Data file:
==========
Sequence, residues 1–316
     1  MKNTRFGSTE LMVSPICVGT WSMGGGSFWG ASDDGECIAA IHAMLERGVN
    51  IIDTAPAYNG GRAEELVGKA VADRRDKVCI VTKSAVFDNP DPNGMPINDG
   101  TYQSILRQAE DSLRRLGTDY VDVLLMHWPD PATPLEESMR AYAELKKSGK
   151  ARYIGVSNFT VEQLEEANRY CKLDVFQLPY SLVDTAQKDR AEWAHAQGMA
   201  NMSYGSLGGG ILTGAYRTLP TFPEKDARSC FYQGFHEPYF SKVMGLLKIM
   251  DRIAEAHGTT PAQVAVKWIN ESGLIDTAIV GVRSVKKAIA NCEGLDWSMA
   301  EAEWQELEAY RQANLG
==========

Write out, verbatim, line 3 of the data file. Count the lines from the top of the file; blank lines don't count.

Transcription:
    51  IIDTAPAYNG GRAEELVGKA VADRRDKVCI VTKSAVFDNP DPNGMPINDG